Journal Article

Risk Factors for Candidemia in a Children's Hospital

Laurie MacDonald, Carol Baker and Carol Chenoweth

in Clinical Infectious Diseases

Published on behalf of Infectious Diseases Society of America

Volume 26, issue 3, pages 642-645
Published in print March 1998 | ISSN: 1058-4838
Published online March 1998 | e-ISSN: 1537-6591 | DOI: http://dx.doi.org/10.1086/514580
Risk Factors for Candidemia in a Children's Hospital

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Candida species are increasingly important nosocomial pathogens in critically ill children. A 2.3- fold increase in the rate of nosocomial candidemia at our 200-bed tertiary care children's hospital prompted a study to identify risk factors for this infection. Twenty-six cases were identified between 1992 and 1993, representing 21% of all nosocomial bloodstream infections. Candida albicans was the most frequent isolate (58%), followed by Candida parapsilosis (27%). A case-control study revealed that there was a statistically significant association between the occurrence of candidemia and placement of a central venous catheter in the femoral vein (P = .03), the use of a tunneled central venous catheter (P = .05), and prolonged hyperalimentation (P = .04). Patients with candidemia also were noted to have candiduria more often than controls (P = .003) and were more likely to have had topical antifungal agents prescribed (P = .04). Multivariate analysis showed that hyperalimentation was an independent risk factor for the development of candidemia. We conclude that measures must be taken to reduce these risk factors whenever possible.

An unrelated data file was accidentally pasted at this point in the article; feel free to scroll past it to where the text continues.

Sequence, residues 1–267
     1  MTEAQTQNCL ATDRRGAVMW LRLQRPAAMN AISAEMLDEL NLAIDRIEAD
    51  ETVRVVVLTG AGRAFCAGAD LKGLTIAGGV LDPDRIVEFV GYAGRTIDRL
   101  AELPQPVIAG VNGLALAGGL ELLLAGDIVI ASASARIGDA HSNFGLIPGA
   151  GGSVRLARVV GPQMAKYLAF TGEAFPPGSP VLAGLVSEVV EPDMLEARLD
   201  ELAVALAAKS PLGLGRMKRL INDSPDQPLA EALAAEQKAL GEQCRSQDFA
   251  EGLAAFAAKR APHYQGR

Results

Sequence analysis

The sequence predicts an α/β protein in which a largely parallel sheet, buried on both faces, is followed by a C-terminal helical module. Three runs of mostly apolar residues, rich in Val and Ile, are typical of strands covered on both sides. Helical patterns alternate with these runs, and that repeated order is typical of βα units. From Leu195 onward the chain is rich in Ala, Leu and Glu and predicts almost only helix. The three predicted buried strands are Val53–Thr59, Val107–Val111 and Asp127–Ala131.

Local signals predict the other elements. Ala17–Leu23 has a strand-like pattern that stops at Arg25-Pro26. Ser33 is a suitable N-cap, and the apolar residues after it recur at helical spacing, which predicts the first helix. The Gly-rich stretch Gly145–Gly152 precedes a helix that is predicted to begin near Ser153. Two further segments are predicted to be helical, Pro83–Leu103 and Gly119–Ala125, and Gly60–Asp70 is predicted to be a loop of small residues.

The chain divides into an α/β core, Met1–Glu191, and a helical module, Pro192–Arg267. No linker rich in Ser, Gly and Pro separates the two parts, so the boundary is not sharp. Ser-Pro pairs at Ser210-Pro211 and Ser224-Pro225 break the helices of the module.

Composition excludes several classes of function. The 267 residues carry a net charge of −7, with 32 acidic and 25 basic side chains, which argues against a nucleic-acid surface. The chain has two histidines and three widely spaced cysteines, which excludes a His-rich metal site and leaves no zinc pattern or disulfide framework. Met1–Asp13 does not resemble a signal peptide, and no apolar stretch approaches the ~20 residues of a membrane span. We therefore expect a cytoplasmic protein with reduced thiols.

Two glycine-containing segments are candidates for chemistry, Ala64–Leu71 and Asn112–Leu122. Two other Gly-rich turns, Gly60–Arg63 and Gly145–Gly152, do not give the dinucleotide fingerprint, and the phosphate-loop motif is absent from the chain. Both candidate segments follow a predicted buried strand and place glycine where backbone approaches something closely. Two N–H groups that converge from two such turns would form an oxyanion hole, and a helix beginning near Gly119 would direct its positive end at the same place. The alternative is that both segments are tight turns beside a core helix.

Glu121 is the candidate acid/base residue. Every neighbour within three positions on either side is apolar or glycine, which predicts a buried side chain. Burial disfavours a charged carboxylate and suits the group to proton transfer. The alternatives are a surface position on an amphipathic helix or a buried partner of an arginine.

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Subjects: Infectious Diseases ; Immunology ; Public Health and Epidemiology ; Microbiology

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